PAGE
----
The loco is the 0-6-0 3F ‘Jinty’ tank, in the attractive blue ‘S&DJR’ livery.
S&DJR was the ‘Somerset & Dorset Joint Railway’ which existed from 1875 to 1930 (when its coaching stock was was transferred to the LMS and SR), although the lines continued to be operated by LMS and SR, and then BR, until 1966).
The ‘Jinty’ tank (S&JDR No.24) was one of a batch built by W G Bagnall Ltd to a standard LMS design, and delivered in 1928/29, so this set would be suitable for a layout set in about 1929, located somewhere in Somerset or Dorset.
(The S&DJR is popular with modellers because, although it was mostly single track and so had some of the characteristics of a branch line, it also carried main line trains.)
The Somerset Belle train set is (at the time of writing) available direct from Hornby for £199.99, or from Amazon:
Hornby Mixed Freight DCC Train Set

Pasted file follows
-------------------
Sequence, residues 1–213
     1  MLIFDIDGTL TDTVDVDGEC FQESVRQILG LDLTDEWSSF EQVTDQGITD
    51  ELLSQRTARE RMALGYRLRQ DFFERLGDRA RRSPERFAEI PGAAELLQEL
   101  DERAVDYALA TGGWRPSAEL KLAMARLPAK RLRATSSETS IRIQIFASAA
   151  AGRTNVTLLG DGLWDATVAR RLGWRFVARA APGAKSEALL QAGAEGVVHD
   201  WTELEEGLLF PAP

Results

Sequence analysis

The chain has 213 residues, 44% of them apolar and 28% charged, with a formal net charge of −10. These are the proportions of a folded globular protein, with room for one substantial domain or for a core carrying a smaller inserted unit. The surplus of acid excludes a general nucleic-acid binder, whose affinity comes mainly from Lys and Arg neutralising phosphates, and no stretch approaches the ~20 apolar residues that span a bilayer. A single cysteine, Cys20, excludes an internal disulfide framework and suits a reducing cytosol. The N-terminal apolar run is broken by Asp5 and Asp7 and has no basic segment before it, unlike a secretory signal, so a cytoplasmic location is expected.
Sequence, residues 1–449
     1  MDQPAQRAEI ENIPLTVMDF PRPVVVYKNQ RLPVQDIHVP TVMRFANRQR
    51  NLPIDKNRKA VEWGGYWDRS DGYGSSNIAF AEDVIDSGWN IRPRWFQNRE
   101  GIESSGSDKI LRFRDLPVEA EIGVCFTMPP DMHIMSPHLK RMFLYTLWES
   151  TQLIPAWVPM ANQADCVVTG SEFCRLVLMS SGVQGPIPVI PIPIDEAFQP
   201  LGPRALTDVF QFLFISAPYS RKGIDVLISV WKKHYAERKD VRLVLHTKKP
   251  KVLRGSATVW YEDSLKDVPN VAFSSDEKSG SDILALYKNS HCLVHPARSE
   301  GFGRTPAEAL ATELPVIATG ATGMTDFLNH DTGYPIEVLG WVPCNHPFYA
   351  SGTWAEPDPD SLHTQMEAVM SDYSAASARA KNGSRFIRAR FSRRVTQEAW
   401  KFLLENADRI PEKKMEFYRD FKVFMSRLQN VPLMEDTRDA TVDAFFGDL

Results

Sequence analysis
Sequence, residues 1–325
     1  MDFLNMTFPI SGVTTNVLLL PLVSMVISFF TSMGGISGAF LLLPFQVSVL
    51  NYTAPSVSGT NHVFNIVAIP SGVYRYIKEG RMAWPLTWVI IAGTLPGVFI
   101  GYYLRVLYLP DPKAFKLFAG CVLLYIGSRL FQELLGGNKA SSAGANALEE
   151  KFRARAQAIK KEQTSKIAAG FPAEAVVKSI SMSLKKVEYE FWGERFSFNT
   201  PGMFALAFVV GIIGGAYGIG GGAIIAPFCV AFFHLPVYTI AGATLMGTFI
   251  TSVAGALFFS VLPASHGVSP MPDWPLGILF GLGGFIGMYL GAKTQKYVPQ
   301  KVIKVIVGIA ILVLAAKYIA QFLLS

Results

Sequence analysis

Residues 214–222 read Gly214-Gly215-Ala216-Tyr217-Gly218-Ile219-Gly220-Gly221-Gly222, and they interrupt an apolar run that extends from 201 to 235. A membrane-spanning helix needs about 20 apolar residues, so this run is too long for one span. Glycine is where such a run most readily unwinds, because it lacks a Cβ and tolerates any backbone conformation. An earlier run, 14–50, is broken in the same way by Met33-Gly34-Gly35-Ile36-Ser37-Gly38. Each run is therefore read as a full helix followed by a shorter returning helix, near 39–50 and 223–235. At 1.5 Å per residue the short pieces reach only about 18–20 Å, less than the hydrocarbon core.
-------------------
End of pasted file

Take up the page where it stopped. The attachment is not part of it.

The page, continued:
[Hornby Item Code R1126]
This set includes two goods locomotives: an 0-6-0 steam tank loco, and an 0-6-0 diesel shunter, plus a mixed freight train of four wagons: a red tank wagon, a ‘private owner’ wooden-sided open wagon in the livery of “Breedon & Cloud Hill Lime Works”, a metal-sided ‘iron ore tippler’ open wagon and a closed ventilated van in BR bauxite livery. It also includes an oval of track, with a siding, and the Hornby ‘Select’ DCC controller.
The steam loco is a BR (ex-LNER) Class J83 (No. 68478) in BR Black livery with the early BR crest, and the diesel is a Class 8 shunter (No. D4174) in BR green livery with ‘wasp’ (black and yellow) stripes on the ends and the later BR crest. D4174 was introduced into service in 1962, so that would place this set in ‘Era 5‘ in the period 1962 – 1966, and probably somewhere in north-east England.
The ‘Hornby ‘Mixed Freight‘ train set is available direct from Hornby for £249.99. (This might seem steep, but you are getting two DCC locos, and the Select controller which is capable of controlling up to 60 locos (up to 10 at any one time), and can also operate up to 40 accessories such as points, so it is a good foundation for a start in DCC.